Call for Book Chapters: ‘Temporality and Digital Mapping’

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Editors: Sybille Lammes, Chris Perkins, Nanna Verhoeff, Sam Hind, Alex Gekker, Clancy Wilmott.

Call for Chapters

Digital mapping, though generally conceived as a spatial activity, is as strongly grounded in time. With the digital era disintegrating representational fixity, scholars, adept at grappling with the spatial implications of digitality, continue to struggle to conceptualize and communicate the temporal consequences of maps that shift with each moment.

In this peer-reviewed collection we seek to take up Doreen Massey’s (2005: 107) still critical concern: how do we cope with the ‘ongoing stories’ in the world. Mapping has long wrestled with the difficulty of enrolling time into such narratives. This collection aims to examine how this is impacted by the presence of digital mapping technologies that, arguably, have disrupted our understanding of time as much as they have provided coherence.

We are looking for contributions that move beyond the descriptive to pay particular attention to what might be called the ‘critical dynamics’ of time. Examples of such approaches may include drawing on phenomenology and the body (Massumi, Merleau-Ponty, Husserl), theorizing play and ludic devices (Huizinga, Caillois), employing network/assemblage thinking (Latour, De Landa), reading such concerns through philosophers of technology (Stiegler, Simondon etc.). In each case contributions should focus on, or cross-cut between , digital maps, digital mapping or digital locative-media.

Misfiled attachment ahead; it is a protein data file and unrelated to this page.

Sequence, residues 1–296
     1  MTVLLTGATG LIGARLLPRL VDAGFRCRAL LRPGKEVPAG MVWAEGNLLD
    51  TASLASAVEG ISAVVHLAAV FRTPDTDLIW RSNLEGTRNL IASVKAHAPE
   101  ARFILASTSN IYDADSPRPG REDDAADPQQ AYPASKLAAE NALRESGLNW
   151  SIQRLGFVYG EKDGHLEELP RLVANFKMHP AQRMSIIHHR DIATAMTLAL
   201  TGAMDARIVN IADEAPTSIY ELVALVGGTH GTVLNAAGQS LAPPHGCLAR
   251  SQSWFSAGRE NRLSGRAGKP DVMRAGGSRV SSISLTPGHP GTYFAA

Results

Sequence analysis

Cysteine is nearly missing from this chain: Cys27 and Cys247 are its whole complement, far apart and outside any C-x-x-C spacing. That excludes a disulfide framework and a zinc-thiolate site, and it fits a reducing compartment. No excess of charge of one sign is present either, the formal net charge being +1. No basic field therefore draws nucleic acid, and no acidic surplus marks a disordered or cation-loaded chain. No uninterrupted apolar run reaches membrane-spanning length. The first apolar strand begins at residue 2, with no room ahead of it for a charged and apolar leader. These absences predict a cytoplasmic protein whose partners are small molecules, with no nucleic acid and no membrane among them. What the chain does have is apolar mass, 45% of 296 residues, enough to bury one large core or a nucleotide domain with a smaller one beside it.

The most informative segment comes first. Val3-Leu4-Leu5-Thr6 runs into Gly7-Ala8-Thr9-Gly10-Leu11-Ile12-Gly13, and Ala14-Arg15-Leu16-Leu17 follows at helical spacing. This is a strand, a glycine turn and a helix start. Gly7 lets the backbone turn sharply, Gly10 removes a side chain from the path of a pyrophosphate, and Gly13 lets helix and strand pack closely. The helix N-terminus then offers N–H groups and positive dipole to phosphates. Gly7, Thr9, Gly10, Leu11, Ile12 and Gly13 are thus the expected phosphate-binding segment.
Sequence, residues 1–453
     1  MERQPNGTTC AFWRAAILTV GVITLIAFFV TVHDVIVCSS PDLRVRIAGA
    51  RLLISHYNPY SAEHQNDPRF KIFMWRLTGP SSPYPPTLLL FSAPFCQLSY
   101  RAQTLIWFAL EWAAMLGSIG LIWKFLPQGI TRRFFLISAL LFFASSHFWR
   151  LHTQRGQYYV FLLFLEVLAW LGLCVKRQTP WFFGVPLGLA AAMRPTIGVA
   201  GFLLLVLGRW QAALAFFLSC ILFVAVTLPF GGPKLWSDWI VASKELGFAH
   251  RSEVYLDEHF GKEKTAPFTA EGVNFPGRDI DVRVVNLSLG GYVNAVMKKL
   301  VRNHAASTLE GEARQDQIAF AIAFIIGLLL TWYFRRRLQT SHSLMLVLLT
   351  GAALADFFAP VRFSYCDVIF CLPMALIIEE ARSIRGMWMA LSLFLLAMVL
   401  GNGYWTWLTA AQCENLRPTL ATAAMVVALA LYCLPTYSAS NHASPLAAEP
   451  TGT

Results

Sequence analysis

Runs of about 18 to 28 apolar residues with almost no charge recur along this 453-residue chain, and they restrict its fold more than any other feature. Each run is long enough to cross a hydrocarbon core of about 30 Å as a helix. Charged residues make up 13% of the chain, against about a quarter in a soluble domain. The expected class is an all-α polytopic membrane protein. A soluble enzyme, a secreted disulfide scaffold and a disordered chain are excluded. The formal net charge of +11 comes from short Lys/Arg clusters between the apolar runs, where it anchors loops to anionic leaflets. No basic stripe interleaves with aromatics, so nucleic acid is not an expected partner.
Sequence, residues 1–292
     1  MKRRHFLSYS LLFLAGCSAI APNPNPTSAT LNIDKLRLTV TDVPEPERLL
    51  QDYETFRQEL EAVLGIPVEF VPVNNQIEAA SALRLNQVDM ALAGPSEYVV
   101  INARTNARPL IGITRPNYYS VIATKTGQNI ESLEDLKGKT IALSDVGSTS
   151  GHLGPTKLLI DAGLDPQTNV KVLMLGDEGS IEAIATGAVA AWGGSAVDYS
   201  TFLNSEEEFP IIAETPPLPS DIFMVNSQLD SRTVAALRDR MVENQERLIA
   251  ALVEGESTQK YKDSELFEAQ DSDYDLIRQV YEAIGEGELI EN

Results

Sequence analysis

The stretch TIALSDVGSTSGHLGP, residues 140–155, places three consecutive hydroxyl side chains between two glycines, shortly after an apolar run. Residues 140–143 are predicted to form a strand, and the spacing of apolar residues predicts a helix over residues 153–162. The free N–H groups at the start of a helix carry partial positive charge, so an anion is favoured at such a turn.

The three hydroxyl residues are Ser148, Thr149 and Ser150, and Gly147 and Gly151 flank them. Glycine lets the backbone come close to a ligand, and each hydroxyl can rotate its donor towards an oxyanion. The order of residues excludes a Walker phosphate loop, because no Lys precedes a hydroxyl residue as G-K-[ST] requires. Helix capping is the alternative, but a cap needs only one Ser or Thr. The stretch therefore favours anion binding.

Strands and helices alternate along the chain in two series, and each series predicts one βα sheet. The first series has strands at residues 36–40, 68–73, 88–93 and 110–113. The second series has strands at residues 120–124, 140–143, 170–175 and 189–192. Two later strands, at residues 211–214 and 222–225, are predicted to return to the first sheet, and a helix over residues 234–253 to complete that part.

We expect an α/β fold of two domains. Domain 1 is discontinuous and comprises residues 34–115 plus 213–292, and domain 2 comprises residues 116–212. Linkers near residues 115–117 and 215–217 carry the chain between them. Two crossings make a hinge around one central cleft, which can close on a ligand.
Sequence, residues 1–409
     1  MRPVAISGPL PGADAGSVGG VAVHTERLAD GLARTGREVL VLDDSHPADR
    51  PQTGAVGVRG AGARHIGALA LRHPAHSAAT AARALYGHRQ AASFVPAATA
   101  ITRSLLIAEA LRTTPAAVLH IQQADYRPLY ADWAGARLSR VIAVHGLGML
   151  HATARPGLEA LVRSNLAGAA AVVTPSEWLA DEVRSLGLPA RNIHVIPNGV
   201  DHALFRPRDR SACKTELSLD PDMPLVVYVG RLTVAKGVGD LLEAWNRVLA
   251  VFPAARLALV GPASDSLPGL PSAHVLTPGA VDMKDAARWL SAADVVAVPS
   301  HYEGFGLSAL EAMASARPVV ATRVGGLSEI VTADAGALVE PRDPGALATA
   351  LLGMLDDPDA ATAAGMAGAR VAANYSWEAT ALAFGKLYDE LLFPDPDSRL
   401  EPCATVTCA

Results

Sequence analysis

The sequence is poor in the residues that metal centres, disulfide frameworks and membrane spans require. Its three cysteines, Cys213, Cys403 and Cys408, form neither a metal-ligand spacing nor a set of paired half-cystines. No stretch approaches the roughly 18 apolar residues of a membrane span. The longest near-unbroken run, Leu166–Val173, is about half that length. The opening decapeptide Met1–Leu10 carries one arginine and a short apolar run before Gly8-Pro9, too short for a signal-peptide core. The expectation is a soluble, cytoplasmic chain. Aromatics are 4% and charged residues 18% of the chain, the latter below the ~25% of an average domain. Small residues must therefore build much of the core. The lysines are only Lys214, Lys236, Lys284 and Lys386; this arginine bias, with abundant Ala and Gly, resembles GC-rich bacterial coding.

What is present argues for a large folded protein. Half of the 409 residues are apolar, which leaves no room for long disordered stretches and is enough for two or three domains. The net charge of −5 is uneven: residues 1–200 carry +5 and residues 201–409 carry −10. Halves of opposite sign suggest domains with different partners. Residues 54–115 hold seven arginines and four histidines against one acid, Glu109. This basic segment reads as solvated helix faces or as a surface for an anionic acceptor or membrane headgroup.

We encourage contributions on a range of themes:

  • Rhythm (mapping and/or analysis of rhythm(s)
  • Inscription, folding or layering of temporality
  • ‘Real-time’ data visualization
  • Playing with mapping time
  • Urban ‘ghostings’ or hauntings
  • Surveillant temporalities
  • The temporality of designing maps.
  • Present absences / absent presences
  • Methodologies of temporal recovery / analysis
  • Changing everyday digital mapping cultures
  • Political valence of temporal dynamics
  • ‘Capturing’ and the flows of everyday life
  • Affective technologies and the half-second delay
  • (Digital) mapping moments or events
  • Fast/slow cartographies
  • Temporal dashboards
  • Play time
  • Attention, interest and changing modes of temporal production
  • Temporality at the interface: haptic and participatory presence
  • Interfaces and digital ‘feeds’ / content immediacy
  • The blackboxing of temporality
  • Futures and/or loss of futurity
  • Spatial stories and narrative cartographies
  • Embodied mapping practice
  • Temporality of creative processes
  • Designing time
  • Temporal complexities